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How do you create a playlist using Python and Scripting Bridge?

So far I have :

from Foundation import *
from ScriptingBridge import *

iTunes = SBApplication.applicationWithBundleIdentifier_("com.apple.iTunes")
newPlaylist = iTunes.iTunesPlaylist()

This obviously doesn't work.

I've seen things for Ruby and Objective C, but I don't really understand the language.

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1 Answer 1

up vote 4 down vote accepted

This is actually an example in the Scripting Bridge documentation. See Listing 2, "Adding an object to a scriptable application in PyObjC code":

from Foundation import *
from ScriptingBridge import *

iTunes = SBApplication.applicationWithBundleIdentifier_("com.apple.iTunes")
p = {'name':'Testing'}
playlist = iTunes.classForScriptingClass_("playlist").alloc().initWithProperties_(p)
iTunes.sources()[0].playlists().insertObject_atIndex_(playlist, 0)

If this doesn't make sense to you, there are a few different ugly things to explain…

First, SBApplication doesn't have any member iTunesPlaylist that's a nice subclass of SBObject. If you've generated static glue, ITApplication might have such a thing… but you don't want to use static glue. So, you have to dynamically create the class object iTunesPlaylist. There are a few different ways to do that, but the easy way (assuming you know it's called playlist in Applescript) is with classForScriptingClass_.

Next, ScriptingBridge isn't really a native Python bridge to AE; it's a Python bridge to the ObjC bridge to AE. So that iTunesPlaylist is actually a wrapped-up ObjC class, not Python class. That means you can't just instantiate it as iTunesPlaylist(), you have to say iTunesPlaylist.alloc().init().

Calling initWithProperties_(p) is a nice shortcut to initializing and setting properties in separate steps.

Finally, the way the AE object model works, you can't just "create an object", you have create an object at some location. ScriptingBridge tries to hide this from you, but it doesn't do a very good job. The playlist object you create doesn't actually represent anything in iTunes yet—in fact, if you look at its type or repr, you'll see that it's a "future iTunesPlaylist". You need to find an appropriate SBElementArray to insert it into, and then it will become a real playlist.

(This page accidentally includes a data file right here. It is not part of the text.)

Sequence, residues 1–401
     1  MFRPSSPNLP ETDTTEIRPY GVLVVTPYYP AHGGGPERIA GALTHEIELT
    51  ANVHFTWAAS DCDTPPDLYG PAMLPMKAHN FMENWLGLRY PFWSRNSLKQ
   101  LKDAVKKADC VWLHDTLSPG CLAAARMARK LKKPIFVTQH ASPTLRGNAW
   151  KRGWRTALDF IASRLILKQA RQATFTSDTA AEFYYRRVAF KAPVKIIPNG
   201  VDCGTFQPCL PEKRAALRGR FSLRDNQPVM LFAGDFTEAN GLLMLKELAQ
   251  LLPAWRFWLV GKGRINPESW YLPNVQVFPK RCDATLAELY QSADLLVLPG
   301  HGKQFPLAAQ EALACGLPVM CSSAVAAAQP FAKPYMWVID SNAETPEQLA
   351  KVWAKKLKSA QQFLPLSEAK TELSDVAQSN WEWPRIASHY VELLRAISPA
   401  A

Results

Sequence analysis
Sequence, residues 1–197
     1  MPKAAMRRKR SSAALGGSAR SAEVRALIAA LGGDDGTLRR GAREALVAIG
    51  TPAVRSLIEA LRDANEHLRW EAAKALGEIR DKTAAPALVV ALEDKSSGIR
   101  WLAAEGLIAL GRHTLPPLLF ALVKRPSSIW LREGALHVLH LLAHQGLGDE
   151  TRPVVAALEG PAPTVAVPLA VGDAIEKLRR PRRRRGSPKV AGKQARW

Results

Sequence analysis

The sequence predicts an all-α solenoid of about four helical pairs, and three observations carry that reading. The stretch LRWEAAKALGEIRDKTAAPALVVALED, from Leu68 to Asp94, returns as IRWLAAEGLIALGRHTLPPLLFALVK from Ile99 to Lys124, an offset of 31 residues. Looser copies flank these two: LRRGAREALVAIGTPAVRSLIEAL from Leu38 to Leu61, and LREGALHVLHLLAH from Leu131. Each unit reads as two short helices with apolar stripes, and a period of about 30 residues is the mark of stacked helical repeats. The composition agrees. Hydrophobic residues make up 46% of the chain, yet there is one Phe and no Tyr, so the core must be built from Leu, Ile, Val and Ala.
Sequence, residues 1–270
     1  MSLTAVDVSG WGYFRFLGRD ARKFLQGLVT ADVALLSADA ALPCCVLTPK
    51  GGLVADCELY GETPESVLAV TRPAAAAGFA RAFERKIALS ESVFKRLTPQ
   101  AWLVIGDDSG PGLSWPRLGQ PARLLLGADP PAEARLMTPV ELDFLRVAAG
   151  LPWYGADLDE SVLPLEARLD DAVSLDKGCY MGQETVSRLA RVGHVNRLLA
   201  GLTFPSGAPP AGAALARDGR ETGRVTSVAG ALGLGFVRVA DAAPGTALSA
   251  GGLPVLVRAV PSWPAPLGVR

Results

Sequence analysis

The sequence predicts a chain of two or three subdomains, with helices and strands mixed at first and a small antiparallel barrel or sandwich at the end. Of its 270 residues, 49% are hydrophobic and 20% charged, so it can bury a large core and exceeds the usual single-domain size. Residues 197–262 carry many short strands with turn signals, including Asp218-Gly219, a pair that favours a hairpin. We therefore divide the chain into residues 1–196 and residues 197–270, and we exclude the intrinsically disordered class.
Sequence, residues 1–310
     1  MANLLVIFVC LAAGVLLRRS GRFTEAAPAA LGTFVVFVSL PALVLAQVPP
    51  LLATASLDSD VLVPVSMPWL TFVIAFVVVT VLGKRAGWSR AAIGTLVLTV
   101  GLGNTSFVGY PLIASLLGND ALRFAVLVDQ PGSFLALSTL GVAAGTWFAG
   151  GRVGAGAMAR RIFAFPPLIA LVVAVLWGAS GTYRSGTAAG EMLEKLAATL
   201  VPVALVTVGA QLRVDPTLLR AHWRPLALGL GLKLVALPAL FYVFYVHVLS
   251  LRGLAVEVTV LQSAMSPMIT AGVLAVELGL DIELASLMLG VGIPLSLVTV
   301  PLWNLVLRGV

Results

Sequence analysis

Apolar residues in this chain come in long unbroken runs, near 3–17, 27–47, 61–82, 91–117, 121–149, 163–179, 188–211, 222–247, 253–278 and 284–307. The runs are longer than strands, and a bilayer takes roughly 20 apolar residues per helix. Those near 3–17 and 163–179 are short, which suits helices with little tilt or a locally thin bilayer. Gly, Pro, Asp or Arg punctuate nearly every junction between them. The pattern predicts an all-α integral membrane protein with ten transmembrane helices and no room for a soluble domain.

Not everything in ScriptingBridge is this horrible. But some of it is even worse. Just wait until you run into one of the areas where iTunes' scripting dictionary is wrong…

The iTunes AE interface itself is very nice, if you can avoid using ScriptingBridge. There are three ways around that, although they may not help you.

First, there's appscript (docs here). This is a different Python->AE bridge which is much better than SB. Here's what the same thing looks like (relying on the default that iTunes has a default location for playlists—at the end of the list of playlists in the first library source):

from appscript import *

iTunes = app('iTunes')
p = {'name':'Testing'}
playlist = iTunes.make(new=k.playlist, with_properties=p)

And if you can't figure out how to do what you want, but can find AppleScript sample code (e.g., at dougscripts), you can use the ASTranslate tool to write the equivalent appscript.

Unfortunately, the author of appscript has canceled the project. And with good reason—it relies on legacy APIs that Apple could remove in 10.9 (or cite to reject you from the App Store). At present, it still works fine, and a few people are keeping it alive at the github repo above, but one day, it will have to die for real. So, it may not be a good solution unless this is a personal, short-term, or learning project. (Also, specific to iTunes: 10.6.3 has a bug that affects appscript, but doesn't affect other bridges unless you're using them remotely. If you need to work with that version, see itunesterms for one solution.)

Of course there's always the obvious option: do it in AppleScript:

tell application "iTunes"
    make new playlist with properties {name:"Testing4"}
end tell

The problem with AppleScript is that it's a horrible language for everything except talking AEOM, and its equivalent of Python's standard library is about 5% as deep and wide. But you can always use a two-language solution, in two ways. You can connect from AppleScript to other Cocoa code (e.g., Python with PyObjC) via ASOC. Or, alternatively, you can use NSAppleScript and friends to run scripts from PyObjC/etc.

The latter may be the most painful answer, but it has one huge advantage: If you use the new APIs in Mountain Lion, and your use cases fall within a certain narrow band, you can write a sandboxed app that scripts iTunes without needing a temporary exception entitlement, meaning you can sell it in the App Store.

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Wow... I'm porting a script I wrote with iTunesCOM on Windows--I can't believe how much simpler that is. I suppose this offers more functionality in the long run? I missed that example in the docs, thanks for posting it. Your explanations are invaluable as well. –  abroekhof Oct 19 '12 at 7:50
abarnert, is there any chance you could look at this follow-up question here. I'm now not sure how to add tracks to the playlist I created! –  abroekhof Oct 19 '12 at 15:33
Actually, the iTunes AE interface itself is much better than the iTunes COM interface. The problem here is that ScriptingBridge sucks much worse than PyCOM does. I edited the answer to give some more info on other options. I'll go look at your followup. –  abarnert Oct 19 '12 at 17:58

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